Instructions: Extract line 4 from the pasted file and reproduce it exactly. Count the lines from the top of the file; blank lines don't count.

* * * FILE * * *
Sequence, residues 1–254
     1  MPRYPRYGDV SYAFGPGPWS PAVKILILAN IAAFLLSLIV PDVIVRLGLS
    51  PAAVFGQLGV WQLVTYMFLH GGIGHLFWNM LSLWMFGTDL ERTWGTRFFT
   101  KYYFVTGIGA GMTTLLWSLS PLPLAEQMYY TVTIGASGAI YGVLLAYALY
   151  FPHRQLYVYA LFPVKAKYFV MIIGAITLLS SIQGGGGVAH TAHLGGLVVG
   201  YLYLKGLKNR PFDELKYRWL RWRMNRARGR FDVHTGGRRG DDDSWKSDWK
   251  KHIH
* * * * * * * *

   101  KYYFVTGIGA GMTTLLWSLS PLPLAEQMYY TVTIGASGAI YGVLLAYALY